Speaking of the victims, one thing that I was confused by is the exact age of the "kids" that Jeanette is hired to tutor. I assume that they are supposed to be high school aged, but they really do look like they would be in grad school. And, the fact that Jeanette sleeps with her male student, Leon, would suggest that he isn't a minor. However, out of curiosity I decided to take a stroll on over to the CIA World Factbook to see the age of suffrage in Germany, which is 18. However, according to Wikipedia ( I know, I know), the age of consent in Germany is only 14! This means that Jeanette could rock Leon's world without fear of prosecution as long as she isn't over 21 and in a position of control, e.g. a guardian or tutor, over him. In any respect the kids look a hell-of-a-lot older than teenagers, so I still have no idea what age group we're supposed to be dealing with.
It looks like Jeanette is tutoring Leon on more than just French (wink)
The dubbing is pretty much on par with 1970s chopsocky flicks, and calling the voices inappropriate would be a gross understatement. It is the opinion of us/me at Inimitable Movie Reviews© that the actor voicing Leon, and the dude voicing Chin Bo in Twin Warriors are, in fact, one and the same! I have no evidence to support this, but I'm sticking with the accusation. It's interesting to see that his ability to appropriately voice the characters that he is dubbing has not improved in a full 7 years. In his defense, the female voices every bit as tragic as his, so I'd like to believe that he may be just trying to fit in. In any respect, I feel that subtitles would be more appropriate (I'm looking in your direction Netflix).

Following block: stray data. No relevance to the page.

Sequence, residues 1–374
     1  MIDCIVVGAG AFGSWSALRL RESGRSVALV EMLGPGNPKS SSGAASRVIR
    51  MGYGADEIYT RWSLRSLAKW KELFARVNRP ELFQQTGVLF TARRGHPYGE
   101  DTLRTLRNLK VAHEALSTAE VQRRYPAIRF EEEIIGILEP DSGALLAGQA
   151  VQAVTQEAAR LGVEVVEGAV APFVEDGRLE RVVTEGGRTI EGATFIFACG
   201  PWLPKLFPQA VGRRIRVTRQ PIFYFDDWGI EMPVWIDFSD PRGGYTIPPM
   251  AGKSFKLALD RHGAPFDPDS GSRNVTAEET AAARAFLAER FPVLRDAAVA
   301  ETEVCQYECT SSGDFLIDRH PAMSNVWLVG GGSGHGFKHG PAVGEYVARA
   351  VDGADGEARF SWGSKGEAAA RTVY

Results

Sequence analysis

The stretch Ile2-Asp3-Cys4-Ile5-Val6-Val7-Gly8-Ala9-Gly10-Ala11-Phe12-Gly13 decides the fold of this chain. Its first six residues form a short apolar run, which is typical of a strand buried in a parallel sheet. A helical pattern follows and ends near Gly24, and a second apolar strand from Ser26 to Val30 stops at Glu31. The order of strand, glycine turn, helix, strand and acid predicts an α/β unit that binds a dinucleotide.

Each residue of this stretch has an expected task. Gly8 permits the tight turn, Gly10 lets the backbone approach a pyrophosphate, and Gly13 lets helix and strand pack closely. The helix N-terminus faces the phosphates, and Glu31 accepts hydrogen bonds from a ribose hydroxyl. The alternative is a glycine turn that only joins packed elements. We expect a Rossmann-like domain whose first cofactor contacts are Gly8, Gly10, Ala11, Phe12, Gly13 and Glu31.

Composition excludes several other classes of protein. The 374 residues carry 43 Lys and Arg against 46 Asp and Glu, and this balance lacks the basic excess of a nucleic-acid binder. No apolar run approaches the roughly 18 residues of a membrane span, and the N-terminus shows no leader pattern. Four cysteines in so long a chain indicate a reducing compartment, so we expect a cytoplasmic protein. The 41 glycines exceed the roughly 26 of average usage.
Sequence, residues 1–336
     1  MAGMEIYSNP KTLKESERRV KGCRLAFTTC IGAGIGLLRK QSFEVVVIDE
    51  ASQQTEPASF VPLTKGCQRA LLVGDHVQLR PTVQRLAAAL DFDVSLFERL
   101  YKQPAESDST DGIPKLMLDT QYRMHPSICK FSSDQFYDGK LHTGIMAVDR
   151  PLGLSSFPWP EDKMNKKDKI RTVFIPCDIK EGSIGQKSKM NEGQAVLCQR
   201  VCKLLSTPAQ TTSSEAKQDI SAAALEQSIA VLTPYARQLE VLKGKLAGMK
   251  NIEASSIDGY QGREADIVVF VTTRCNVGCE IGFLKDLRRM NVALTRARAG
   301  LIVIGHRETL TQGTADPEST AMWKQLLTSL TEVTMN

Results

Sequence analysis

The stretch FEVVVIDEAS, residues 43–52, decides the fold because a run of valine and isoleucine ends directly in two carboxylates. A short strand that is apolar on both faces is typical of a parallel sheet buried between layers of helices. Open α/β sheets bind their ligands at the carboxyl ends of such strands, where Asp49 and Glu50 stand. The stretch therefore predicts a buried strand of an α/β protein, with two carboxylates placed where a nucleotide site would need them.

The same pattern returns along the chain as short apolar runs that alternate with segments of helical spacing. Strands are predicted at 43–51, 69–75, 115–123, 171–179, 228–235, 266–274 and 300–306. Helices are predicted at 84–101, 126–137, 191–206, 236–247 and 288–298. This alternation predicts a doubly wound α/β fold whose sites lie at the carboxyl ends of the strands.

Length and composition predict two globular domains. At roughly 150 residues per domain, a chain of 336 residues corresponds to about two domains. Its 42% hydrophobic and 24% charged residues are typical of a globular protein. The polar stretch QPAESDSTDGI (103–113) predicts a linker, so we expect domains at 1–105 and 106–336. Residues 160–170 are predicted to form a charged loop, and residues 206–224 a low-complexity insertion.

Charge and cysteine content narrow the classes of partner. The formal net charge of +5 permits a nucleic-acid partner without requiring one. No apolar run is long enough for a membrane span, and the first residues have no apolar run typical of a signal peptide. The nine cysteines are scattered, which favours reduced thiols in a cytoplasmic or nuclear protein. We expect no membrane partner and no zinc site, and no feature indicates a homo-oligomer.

Now I know what you're thinking, "but Jack, isn't there anything that is good about Flashback?" Well, yes there is. The choice of camera angles were interesting and fresh. Also, the scenery is very nice, and I liked seeing different types of locations than what we're used to seeing  in typical American slashers. The landscapes are beautiful, and the house is amazing. I can say with a clear conscience that I have never wanted to be a rich German more than I do right now.